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Driving Agility: Emory Raises the Bar in Project Management

An aspiring project manager

Offering two project management certificate options


For project managers and those looking to enter the field, Emory Continuing Education has offerings that deliver key insights and skills needed to raise the professional bar.

“The Emory name tells employers that there is a high level of instruction and a high level of competency,” said instructor Michael Martin. “They know that you have got a much more rigorous understanding of the field.”

Two programs drive toward that end. The Project Management Certificate program offers instructor-led learning and typically appeals to those already in the PM profession, those who want to pursue the PMP exam or who already have the PMP credential and need to maintain that credential. The Asana Project Management Career Certificate program meanwhile is self-paced, with instructor guidance and feedback, and is best suited to those looking to change career paths to project management, those new to this field, or interested in pursuing the CAPM exam.

Both courses put a heavy emphasis on “agile” methodology — an emerging approach that encourages project managers to take a fluid and iterative approach to their work. Agility means being able to shift on the fly, to course-correct as needed in the fact of shifting circumstance.

The Project Management Institute describes organizations that take this route as “gymnastic enterprises” and says they are setting the standard for the profession. “Gymnastic enterprises select the very best ways of working from a landscape of possibilities and focus on their people, knowing that organizational performance is a well-choreographed dance of individual performances,” PMI reports.

The founder and managing director of M2 Consulting Group, Martin says agility training can help current and aspiring project managers to better meet employers’ ever-changing requirements. 

“The work today is very focused, it’s all about getting outcomes out to market faster,” he said. “Agility drives software teams, and it is increasingly expanding into areas like marketing and customer care. Project managers need to have both traditional and agile concepts, and they need to know how to apply these concepts effectively.”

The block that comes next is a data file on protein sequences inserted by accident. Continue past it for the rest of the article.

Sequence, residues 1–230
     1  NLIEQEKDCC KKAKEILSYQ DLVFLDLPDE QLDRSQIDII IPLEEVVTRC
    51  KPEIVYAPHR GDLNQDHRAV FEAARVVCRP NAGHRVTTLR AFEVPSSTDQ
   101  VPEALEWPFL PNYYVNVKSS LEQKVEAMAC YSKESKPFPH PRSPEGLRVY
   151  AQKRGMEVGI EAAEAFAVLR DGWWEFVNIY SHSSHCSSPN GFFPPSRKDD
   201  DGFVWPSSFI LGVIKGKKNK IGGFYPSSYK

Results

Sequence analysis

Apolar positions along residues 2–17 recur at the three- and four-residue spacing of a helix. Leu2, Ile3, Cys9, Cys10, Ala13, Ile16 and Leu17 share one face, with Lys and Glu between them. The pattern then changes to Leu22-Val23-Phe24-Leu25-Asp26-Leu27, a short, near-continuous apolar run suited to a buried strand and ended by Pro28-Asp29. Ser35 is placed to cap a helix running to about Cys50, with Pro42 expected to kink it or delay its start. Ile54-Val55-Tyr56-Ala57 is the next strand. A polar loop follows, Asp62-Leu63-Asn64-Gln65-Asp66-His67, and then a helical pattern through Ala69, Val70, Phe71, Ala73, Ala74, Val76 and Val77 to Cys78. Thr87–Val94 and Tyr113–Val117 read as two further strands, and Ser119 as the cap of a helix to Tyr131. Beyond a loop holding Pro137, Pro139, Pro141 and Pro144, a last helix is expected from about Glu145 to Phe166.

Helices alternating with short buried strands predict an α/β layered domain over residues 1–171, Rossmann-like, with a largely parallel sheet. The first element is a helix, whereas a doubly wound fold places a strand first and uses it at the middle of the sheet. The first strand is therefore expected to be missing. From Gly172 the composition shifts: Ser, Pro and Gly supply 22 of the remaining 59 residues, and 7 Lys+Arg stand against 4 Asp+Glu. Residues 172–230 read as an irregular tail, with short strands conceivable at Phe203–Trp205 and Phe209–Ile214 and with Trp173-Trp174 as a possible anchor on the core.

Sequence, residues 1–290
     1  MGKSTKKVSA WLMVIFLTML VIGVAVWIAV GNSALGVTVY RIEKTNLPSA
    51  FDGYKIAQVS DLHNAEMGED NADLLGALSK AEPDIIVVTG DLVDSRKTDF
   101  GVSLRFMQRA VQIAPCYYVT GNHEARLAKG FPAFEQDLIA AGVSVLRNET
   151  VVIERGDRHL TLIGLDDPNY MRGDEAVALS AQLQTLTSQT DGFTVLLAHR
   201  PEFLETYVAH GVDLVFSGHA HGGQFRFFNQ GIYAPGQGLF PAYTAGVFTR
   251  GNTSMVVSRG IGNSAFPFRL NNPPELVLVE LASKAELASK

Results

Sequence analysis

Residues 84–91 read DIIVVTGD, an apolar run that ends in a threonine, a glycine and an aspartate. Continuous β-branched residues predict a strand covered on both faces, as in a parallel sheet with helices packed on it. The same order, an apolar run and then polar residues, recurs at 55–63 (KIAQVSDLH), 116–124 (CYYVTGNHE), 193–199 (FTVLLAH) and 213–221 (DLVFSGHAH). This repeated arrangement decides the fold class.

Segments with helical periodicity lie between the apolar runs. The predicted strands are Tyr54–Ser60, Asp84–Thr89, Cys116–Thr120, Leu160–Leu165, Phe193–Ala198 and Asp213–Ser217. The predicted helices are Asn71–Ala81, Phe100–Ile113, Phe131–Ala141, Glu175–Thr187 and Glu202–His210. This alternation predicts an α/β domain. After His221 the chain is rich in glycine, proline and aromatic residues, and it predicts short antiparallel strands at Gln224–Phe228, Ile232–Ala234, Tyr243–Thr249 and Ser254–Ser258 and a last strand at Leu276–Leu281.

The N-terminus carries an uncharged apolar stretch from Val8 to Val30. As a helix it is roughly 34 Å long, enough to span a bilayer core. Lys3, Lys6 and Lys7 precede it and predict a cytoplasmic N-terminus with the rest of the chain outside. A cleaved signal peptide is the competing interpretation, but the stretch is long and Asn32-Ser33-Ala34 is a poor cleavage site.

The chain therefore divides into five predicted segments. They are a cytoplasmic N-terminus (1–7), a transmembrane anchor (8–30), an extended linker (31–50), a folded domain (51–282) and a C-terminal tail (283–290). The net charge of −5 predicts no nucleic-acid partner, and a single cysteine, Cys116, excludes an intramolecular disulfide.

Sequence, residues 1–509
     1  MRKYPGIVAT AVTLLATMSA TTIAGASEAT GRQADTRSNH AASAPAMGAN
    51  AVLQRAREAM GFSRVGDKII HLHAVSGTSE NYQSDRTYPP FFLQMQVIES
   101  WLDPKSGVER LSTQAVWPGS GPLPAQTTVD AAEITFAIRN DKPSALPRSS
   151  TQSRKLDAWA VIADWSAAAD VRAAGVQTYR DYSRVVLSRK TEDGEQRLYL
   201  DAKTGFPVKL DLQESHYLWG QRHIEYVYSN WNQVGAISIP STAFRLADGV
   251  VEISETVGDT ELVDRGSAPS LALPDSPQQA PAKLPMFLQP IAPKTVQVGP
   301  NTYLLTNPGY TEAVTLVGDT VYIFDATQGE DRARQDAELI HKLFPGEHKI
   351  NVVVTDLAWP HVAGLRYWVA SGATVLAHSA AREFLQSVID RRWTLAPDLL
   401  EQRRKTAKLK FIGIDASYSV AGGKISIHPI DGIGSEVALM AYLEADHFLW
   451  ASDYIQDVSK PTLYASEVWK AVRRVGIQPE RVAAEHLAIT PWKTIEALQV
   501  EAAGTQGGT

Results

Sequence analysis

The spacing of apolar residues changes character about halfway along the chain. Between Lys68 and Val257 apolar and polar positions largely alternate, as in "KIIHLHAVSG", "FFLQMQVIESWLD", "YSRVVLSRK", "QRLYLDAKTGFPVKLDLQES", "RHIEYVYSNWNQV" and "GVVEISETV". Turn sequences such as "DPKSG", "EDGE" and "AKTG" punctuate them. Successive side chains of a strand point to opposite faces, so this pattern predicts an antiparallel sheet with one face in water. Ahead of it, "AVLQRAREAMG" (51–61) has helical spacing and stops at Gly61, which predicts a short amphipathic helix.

Even as agility rises to the fore as a needed skill, project managers overall find their talents increasingly sought after these days. There’s a growing need for qualified PM professionals, and those with expanded credentials can gain a significant competitive edge.

“Demand over the next 10 years for project managers is growing faster than demand for workers in other occupations,” PMI reports. “By 2027, employers will need nearly 88 million individuals in project management-oriented roles.”

In this environment, an added academic credential can do much to accelerate one’s career path and open up new opportunities. “Certifications definitely help to make you more marketable in this field,” Martin said. “If you look in the job announcements, they are always looking for professional credentials.”

And Emory Continuing Education has offerings that can help you put those credentials to work. The Asana career certificate for example comes with career support, including resume feedback and introductions to employers. “They'll help you both from a career coaching standpoint, as well as with job placement,” Martin said.

For those pursuing continuing education — whether they are already practicing PMs or looking to break into the field — Emory’s instructor led course offerings deliver a solid grounding in both the basic and emerging skills sets needed to succeed.

“We can bring them up to speed and get them current on specific techniques and best practices,” Martin said. “We look at how to build a schedule, how to do a work breakdown, how to structure risk management and cost management. The coursework also helps prepare them for sitting for the exam and the certification process, which is probably the most critical from a career standpoint.”

In project management, one can draw a direct line between training and career progression. “Certification is a major differentiator,” Martin said. “That's what employers are looking for, it’s what sets you apart from others in the field.”

At the same time, not all PM training is equal: It makes a difference, Martin said, when that certificate comes from a highly regarded university.

“With the Emory brand behind it, employers recognize the high level of professionalism that goes into that learning experience,” Martin said. “This is a highly competitive field, and it makes a difference when you come to the table with training from a well-respected institution.”

Emory Continuing Education (ECE) offers two project management certificate programs, the Project Management Certificate and the Asana Project Management Career Certificate. ECE is a unit of Emory Academic Innovation.

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